The Oldham Athletic youth players have taken part in a trial to test their skin for a dangerous form of cancer, Melanoma.Melanoma is one of the most dangerous forms of skin cancer but it is one of the most curable if caught early.
It has a 98% chance of good recovery if it is cut out in time, however, there is a 2% of it returning and it has the ability to spread very quickly.
Sadly, former Oldham Athletic footballer Paul Futcher passed away recently in November 2016 from the disease and strides are being made to ensure fellow footballers are tested for the disease.
Latics are one of six clubs who are taking part in the trial, along with Rochdale, Bury, Bolton Wanderers, Preston North End and Huddersfield Town.
Gillian Nuttall, founder of Melanoma UK, said: “It has occurred to me over some time that there is a problem with football and other sports.
“Players and coaches are all training outside and probably don’t give too much thought to the effects it has on their skin.
“Some of the players will say they have used sun beds and that can be a huge risk of getting Melanoma so we just want to get them out of that mindset.
“If one lad goes away and has second thoughts about using a sun bed or applying higher factor sun cream then I know I’ve done my job and we could have potentially saved someone from Melanoma.”
Director of Education at the Players Football Association (PFA), Patrick Lally, added: “There has been an issue over the years with players being diagnosed with Melanoma and the PFA believe it was our organisation it was our responsibility to set up a pilot programme.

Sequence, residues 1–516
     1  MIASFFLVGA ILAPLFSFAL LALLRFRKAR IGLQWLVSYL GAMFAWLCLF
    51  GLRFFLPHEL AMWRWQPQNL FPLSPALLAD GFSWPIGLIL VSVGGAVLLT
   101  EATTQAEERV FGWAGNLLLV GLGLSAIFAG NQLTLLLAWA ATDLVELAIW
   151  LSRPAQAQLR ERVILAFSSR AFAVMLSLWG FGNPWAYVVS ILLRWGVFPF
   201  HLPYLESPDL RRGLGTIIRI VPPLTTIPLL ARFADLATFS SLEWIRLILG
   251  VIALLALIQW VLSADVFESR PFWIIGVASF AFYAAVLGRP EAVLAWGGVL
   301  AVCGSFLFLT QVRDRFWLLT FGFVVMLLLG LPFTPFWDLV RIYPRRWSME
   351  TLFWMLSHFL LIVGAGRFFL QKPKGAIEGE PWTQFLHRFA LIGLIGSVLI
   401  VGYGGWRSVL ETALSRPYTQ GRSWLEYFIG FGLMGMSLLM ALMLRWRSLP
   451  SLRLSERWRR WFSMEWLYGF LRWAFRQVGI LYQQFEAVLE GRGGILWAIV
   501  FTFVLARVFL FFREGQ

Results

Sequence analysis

“This was to give younger players the opportunity to have themselves screened and if there was any problems then they could be addressed accordingly.
“This is only a pilot programme at the moment but if it’s successful then we are looking to role it out on a national basis in the future.
“I personally saw the deterioration of Paul Futcher so if we can prevent that happening to any future player then that’s what we want to do and hopefully this programme will do it for us.”
Youth team boss Tony Philliskirk commented: “I was contacted to take part in a pilot scheme with Melanoma UK to be tested for skin cancer and I’ve spoken to Patrick and Gillian about it and we were happy to be involved.
“The lads had a talk from the pair about the dangers of using sun beds and the importance of applying sun screen. The lads listened to them, they are young and hopefully the message got across to them.”
Pictured is youth team striker Brad Kay being tested for Melanoma.